Authors who died in 2019
As 2019 comes to a close, we look back on the writers we lost this year.
Mary Oliver was a Pulitzer Prize-winning poet whose rapturous odes to nature and animal life brought her critical acclaim and popular affection. Her poetry books included White Pine, West Wind and the anthology Devotions, which came out in 2017. She won the Pulitzer in 1984 for American Primitive and the National Book Award in 1992 for New and Selected Poems. In 1998, she received the Lannan Literary Award for lifetime achievement. Her fans ranged from fellow poets Stanley Kunitz and Rita Dove to Hillary Clinton and Laura Bush.
Oliver died on Jan. 17, 2019. She was 83.
Diana Athill was a writer and editor before finding late-life fame as a frank and fearless memoirist. She worked as an editor for five decades at the Andre Deutsch publishing house, nurturing writers including John Updike, Philip Roth, Norman Mailer, Jean Rhys, Margaret Atwood, Mordecai Richler, Mavis Gallant and V.S. Naipaul.
Athill wrote her first memoir, Instead of a Letter at the age of 43. She would go on to write several more memoirs and three novels. In 2008, she published Somewhere Towards The End, a book about coming to terms with aging and death. The book won the Costa Book Award and National Book Critics Circle Award.
Athill died on Jan. 23, 2019. She was 101.
Andrea Levy was a prize-winning novelist who chronicled the hopes and horrors experienced by the post-Second World War generation of Jamaican immigrants in Britain. One of the first black British authors to achieve both critical and commercial success, Levy was best known for her novel Small Island, which tells the story of two couples, one English and one Jamaican, whose lives intertwine in London after the Second World War.
Her other novels include Every Light in the House Burnin, Never Far From Nowhere, Fruit of the Lemon and The Long Song, which was shortlisted for the Booker Prize. She also published Six Stories and an Essay, in 2014, a series of short stories and a piece about her Caribbean heritage.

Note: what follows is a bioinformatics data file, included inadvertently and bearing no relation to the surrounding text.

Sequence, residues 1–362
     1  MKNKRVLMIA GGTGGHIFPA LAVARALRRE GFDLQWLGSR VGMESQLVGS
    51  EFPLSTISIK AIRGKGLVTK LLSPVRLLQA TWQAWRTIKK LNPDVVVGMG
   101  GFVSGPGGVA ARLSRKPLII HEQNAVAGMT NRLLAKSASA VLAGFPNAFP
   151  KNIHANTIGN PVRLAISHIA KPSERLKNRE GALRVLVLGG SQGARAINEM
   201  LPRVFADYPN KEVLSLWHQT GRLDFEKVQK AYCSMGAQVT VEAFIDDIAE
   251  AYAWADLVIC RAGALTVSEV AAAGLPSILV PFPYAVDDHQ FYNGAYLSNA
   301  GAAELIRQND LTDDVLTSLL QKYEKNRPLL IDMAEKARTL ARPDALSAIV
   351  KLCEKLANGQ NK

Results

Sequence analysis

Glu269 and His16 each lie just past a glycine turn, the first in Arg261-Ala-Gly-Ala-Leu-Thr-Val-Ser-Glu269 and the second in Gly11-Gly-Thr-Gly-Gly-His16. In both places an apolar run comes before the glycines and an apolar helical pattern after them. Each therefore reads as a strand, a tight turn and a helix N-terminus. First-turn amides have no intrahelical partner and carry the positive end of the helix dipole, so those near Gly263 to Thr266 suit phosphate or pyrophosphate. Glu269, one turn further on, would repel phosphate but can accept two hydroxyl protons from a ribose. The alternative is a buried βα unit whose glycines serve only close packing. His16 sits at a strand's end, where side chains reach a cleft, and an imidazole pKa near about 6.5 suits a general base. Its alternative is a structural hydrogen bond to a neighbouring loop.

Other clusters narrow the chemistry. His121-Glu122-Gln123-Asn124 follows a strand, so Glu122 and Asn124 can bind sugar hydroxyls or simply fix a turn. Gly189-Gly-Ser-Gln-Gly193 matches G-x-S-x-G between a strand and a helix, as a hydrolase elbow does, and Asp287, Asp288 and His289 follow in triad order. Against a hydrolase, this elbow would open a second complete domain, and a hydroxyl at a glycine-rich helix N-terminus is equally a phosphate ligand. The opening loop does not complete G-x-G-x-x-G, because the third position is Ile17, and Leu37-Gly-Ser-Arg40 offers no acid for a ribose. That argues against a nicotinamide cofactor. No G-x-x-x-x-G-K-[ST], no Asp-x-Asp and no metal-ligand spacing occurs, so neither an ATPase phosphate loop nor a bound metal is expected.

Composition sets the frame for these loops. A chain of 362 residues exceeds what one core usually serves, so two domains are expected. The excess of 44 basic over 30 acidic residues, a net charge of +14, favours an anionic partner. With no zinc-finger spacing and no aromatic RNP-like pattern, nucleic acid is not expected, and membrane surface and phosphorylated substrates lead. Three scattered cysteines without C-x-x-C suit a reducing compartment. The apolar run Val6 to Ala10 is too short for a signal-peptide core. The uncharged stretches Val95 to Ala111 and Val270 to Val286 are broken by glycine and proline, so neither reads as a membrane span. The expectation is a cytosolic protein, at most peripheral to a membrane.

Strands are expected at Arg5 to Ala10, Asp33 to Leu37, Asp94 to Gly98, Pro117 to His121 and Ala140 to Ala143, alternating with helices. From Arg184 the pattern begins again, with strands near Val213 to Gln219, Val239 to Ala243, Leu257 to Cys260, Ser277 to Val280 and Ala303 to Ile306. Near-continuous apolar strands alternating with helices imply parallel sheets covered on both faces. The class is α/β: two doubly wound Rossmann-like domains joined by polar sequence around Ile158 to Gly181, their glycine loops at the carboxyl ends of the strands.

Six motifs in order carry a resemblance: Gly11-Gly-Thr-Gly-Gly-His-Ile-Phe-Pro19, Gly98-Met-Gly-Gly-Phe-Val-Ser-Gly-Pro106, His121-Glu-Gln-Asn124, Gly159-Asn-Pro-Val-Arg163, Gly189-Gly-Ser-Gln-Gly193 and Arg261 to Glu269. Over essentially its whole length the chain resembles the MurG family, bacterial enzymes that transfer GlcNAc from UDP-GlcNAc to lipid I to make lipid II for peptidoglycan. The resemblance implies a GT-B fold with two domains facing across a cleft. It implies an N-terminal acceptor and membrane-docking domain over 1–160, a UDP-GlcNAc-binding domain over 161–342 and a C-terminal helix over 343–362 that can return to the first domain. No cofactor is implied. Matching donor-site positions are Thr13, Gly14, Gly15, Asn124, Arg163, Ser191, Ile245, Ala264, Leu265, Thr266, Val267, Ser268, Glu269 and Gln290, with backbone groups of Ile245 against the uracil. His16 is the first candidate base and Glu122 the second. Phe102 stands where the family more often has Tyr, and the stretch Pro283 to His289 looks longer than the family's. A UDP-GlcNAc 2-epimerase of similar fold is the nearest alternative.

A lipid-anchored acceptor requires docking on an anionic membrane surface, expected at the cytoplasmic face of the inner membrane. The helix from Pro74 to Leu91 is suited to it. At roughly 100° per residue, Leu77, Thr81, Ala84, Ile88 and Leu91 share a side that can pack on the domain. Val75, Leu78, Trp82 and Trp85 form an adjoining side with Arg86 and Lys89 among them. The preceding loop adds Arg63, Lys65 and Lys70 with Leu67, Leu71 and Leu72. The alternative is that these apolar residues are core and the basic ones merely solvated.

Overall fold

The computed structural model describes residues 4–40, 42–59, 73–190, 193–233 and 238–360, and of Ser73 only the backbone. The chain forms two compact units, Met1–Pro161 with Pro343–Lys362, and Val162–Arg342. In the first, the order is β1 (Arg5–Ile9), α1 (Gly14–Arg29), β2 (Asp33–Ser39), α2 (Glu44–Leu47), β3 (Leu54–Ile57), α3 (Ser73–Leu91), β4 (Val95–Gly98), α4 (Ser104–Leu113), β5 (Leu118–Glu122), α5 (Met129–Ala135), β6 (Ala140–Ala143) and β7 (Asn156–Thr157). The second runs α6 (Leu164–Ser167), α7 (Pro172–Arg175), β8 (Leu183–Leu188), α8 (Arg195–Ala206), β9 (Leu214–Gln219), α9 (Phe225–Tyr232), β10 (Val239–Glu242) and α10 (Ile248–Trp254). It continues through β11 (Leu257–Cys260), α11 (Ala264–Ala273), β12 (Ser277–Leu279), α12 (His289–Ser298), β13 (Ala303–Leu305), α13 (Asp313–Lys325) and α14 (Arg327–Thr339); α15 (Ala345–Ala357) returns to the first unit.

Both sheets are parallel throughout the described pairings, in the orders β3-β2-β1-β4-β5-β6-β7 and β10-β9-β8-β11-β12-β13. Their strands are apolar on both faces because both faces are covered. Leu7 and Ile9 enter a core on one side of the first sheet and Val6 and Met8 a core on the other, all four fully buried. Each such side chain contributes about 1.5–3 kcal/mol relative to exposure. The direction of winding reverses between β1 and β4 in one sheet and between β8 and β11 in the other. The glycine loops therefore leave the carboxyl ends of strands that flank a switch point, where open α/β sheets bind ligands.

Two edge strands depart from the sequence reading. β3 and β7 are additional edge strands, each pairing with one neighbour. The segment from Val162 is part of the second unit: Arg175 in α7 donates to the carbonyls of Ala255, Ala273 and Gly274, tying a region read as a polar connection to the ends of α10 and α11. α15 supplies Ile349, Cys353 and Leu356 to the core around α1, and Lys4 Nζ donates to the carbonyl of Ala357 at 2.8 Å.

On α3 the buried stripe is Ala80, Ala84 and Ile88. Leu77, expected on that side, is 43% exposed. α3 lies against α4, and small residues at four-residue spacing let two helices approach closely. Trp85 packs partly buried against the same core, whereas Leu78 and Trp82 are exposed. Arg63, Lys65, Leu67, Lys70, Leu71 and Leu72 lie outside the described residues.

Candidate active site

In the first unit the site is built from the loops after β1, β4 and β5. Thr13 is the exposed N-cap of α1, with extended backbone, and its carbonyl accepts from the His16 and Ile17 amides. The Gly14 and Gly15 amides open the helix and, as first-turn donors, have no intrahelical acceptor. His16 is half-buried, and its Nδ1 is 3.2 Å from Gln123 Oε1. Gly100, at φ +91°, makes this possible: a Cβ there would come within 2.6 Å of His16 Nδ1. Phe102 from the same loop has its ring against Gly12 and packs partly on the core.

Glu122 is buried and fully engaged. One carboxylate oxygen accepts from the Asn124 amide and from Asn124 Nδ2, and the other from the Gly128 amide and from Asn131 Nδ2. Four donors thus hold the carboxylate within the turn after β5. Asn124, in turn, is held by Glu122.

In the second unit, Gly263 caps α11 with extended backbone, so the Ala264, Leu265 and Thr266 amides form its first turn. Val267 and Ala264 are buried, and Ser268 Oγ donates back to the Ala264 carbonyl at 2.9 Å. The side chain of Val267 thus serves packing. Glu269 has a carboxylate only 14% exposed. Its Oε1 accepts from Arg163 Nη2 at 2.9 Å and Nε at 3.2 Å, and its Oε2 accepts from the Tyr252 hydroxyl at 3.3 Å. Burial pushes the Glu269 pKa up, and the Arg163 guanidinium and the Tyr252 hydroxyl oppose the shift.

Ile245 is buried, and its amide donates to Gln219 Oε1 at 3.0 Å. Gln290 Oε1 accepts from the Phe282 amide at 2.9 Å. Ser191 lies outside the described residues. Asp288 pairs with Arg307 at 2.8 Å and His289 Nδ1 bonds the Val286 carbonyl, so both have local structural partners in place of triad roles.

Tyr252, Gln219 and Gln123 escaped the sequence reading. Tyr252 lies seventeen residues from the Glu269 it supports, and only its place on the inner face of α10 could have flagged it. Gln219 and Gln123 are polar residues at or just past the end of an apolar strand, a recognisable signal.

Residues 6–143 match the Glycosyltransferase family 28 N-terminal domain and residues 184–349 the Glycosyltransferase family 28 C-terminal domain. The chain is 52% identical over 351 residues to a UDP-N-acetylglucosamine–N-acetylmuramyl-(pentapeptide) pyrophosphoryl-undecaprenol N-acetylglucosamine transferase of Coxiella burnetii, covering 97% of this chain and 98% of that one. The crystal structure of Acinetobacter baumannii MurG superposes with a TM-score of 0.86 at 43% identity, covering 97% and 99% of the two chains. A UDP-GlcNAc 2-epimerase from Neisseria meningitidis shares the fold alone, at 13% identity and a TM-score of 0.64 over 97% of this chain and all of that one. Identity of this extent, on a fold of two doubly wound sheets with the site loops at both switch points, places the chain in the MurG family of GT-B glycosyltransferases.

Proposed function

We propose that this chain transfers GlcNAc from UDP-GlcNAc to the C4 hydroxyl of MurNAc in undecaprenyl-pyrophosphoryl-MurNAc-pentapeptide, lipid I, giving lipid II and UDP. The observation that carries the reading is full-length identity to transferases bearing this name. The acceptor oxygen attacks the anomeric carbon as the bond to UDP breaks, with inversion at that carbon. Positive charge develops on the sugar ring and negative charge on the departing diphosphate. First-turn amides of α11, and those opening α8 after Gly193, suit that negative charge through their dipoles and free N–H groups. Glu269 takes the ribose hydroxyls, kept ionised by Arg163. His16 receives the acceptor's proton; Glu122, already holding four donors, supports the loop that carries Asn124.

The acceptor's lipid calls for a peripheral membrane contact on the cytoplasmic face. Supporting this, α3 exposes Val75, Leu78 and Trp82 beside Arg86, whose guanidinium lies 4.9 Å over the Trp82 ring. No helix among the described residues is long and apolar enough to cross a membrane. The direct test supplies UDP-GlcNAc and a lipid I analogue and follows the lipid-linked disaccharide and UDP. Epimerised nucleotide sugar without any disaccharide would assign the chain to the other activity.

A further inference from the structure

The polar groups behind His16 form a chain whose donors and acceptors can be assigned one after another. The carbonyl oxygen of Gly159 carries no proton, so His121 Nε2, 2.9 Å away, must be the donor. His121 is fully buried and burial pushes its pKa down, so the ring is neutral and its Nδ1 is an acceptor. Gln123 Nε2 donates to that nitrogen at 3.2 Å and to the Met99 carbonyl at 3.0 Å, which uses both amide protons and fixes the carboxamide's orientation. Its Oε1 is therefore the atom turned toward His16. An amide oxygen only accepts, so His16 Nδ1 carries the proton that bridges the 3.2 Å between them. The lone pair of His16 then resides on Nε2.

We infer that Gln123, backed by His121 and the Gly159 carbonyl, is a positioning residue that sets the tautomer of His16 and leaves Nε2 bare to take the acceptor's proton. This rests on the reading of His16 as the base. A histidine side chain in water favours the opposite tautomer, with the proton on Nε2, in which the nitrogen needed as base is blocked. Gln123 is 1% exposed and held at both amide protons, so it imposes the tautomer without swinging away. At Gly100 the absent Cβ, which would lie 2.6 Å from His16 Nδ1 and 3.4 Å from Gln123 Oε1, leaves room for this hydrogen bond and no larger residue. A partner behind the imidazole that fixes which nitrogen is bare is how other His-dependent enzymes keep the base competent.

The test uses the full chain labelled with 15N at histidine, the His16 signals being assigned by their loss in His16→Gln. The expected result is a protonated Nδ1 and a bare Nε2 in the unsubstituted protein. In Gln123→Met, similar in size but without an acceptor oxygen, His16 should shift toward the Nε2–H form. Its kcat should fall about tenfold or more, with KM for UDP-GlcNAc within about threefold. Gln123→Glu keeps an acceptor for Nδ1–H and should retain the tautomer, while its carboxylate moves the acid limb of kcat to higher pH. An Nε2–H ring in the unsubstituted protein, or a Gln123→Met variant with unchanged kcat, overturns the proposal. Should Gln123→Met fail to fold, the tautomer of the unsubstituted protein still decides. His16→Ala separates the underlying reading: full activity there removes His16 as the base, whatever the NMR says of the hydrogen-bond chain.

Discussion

Levy died on Feb. 14, 2019. She was 62.
Canadian writer Patrick Lane wrote award-winning poetry that was was celebrated for its beautiful writing and deft examination of the human condition. Lane's first collection Letters from a Savage Mind was published in 1966. It was followed by books such as Separations in 1969, Beware the Months of Fire in 1974 and Poems, New and Selected, which won the Governor General's Literary Award for poetry in 1978.
Other books include Winter and Mortal Remains — which were consecutively shortlisted for Governor General's Literary Awards — and Too Spare, Too Fierce, winner of the 1995 Dorothy Livesay Poetry Prize. With his wife Lorna Crozier, a fellow Governor General's Literary Award recipient, he published the collection No Longer Two People.
In 2014, Lane was made an officer of the Order of Canada in honour of his vast and accomplished body of work.
Lane died on March 7, 2019. He was 79.
Canadian Teva Harrison was award-winning cartoonist known for her poignant comics about living with an incurable illness. Harrison was diagnosed with metastatic breast cancer at the age of 37. She began publishing short comics about her declining health and facing the end of her life in The Walrus.
Harrison later collected the comics in a graphic memoir called In-Between Days, published in 2016. Eye-opening and darkly funny, the book won the Kobo Emerging Writer Prize for Non-Fiction and was a finalist for the Governor General's Literary Award for nonfiction.
Harrison's poetry collection, Not One of These Poems is About You, will be published in Jan. 2020.
Harrison died on April 27, 2019. She was 42.